An Open Invitation to Gentlemen Burlesque MCs to Stop Talking about Their Dicks

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by: Doc Wasabassco

DocWasabassco  Photo: Mo Pitz

Doc Wasabassco Photo: Mo Pitz

I have been doing my best lately to keep my eyes on my own paper, to literally mind my own business, and to adhere to Craig Ferguson’s three-step checklist before taking to my bully pulpit. 1) Does this need to be said? 2) Does this need to be said by me? 3) Does this need to be said by me now? I feel in this case that the answer to all three is yes, so here we go. What follows is an expression of my own opinion. As with all opinions, you are entirely free to disagree.

Eyes off my own paper:

I have recently had the opportunity to see a range of male MCs host burlesque shows. It is very much the industry norm that most MCs in burlesque are men – something that we’ve been working to change in my own company. Working in nightlife I seldom get a chance to attend events outside my own shows. I have no intention of criticizing the talent or abilities of these MCs. As a sometime MC, my own abilities run from serviceable to entertaining. All of the MCs that informed this writing are far superior in talent than myself. This is not about talent. This is about the choices being made.

In the cases of the male MCs I watched, each and every one spent some percentage of his time on stage talking about his own penis. Sometimes they mentioned their penis in terms of how it reacted to the performers, sometimes they mentioned it in terms of jerking off to the performers, sometimes in terms of anecdotes about their sex lives for humorous effect, sometimes they just mentioned their penises for no apparent reason. Some mentioned their penises just a few times, and others spent their entire time on stage referring over and over again to every aspect of being the owner and enthusiastic user of a cock. Some went to great lengths to identify themselves as feminists and allies and supporters of women… and then proceeded to talk almost exclusively about their own genitals.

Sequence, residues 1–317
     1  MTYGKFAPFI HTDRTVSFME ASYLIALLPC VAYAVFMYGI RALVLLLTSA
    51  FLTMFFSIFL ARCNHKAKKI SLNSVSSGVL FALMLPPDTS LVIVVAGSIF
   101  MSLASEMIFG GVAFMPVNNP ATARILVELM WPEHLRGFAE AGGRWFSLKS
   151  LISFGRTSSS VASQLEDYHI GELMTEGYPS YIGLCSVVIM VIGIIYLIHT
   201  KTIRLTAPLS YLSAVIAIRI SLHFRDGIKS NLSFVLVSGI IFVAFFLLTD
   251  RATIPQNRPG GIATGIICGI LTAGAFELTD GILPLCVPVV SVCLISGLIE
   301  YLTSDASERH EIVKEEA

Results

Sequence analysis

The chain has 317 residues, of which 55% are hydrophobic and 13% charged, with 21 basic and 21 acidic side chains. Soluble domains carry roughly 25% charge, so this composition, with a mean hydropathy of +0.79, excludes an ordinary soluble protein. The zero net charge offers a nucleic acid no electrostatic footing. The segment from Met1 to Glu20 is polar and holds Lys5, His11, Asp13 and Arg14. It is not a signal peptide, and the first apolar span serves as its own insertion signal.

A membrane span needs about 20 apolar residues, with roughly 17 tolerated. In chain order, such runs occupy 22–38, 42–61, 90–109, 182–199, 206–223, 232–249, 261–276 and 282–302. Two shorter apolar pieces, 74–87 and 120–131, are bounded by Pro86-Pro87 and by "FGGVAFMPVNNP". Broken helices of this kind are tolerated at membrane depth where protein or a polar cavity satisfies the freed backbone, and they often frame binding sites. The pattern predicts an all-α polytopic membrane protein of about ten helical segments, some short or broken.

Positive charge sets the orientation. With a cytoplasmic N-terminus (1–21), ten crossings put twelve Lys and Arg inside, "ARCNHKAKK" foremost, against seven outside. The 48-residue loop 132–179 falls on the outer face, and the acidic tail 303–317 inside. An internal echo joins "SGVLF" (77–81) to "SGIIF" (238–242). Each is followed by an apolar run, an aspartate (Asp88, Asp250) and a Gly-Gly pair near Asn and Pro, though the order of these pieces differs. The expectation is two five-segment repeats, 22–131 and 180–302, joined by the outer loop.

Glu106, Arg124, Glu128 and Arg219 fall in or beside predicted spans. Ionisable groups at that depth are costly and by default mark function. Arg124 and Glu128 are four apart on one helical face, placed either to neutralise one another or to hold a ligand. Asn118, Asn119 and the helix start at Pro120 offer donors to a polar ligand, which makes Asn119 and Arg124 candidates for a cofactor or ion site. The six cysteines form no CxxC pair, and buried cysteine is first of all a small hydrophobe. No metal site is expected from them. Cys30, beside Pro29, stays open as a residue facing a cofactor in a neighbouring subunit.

Some people will see no problem with this, proceeding from the idea that burlesque shows are meant to be bawdy and/or sexual by nature, and to be honest many of these MCs comments, jokes, and anecdotes about their junk got laughs. There will always be people who love dick jokes. But I DID look around at female performer friends in the audiences, and they – the people meant to be shown the most respect by the very job description of an MC – were not amused

I believe in the simplest terms that the job of an MC at a burlesque show is to present the performers to the audience. In doing so they are called upon to be entertaining and usually humorous, but I do not believe they are meant to be the star of the show. To my mind the performers are the stars and the MC is a facilitator. I believe ultimately that it’s the job of the MC to elevate the performers and respectfully present them to the public.

Therefore I think it’s a questionable choice for the man in the suit to fixate on his dick rather than the performers and their accomplishments. The great majority of burlesque performers are women – in the shows I attended almost all of the performers were: women who deal every day with never-ending harassment on the street, at work, in social situations, and online. So it’s infuriating that in a world, industry, and art form of their own creation, women encounter male MCs choosing to step onstage and present the verbal equivalent of a dick pic. The MC has chosen in a very real way to be the man who walks into a room full of women and starts swinging his dick around. Gentlemen, we know you have a penis. We rest thoroughly assured that you use it for masturbation, and that yes indeed for sex with partners as well. Were you going to talk about the show now? The art? The women on stage? The audience?

A male MC stands onstage in the middle of a show. A beautiful, talented, intelligent, and clever woman has just completed her routine, a routine that perhaps was a commentary, or an act of empowerment, maybe it was pure ownership of her sexuality, or a moment of brilliant comedy. In a few moments another woman will take the stage and bring a whole other statement of skill, movement, emotion, and craft to the audience. At this moment with any number of things one could say about either woman, why would an MC choose to talk about his own genitals and how he’d like to use them? There must be ways for you to be charming and funny when introducing a performer without mentioning jerking off to her.

I have gone on before about the recent trend in this industry of male performers feeling compelled, when choosing a stage name, to name themselves after their own genitals. This is a similar phenomenon. It’s like toddler boys who, having developed full awareness that they own penis, cannot stop touching themselves and sharing their awareness of owning one with the whole world. Is this ALL we have to offer?

Gentlemen, I invite you to find other ways to be charming and entertaining, to maneuver inside a sexy event without making it about your own sex organ, and I beseech you to please stop talking about your dicks.

The founder of New York City-based Wasabassco, Doc Wasabassco has created exceptional striptease variety events and unforgettable entertainment for over a decade. A showman, impresario, producer and emcee, Doc is also a proponent of style, believes that the best show is always risqué and surprising but never shocking or crass, and holds himself and his shows to high professional standards.

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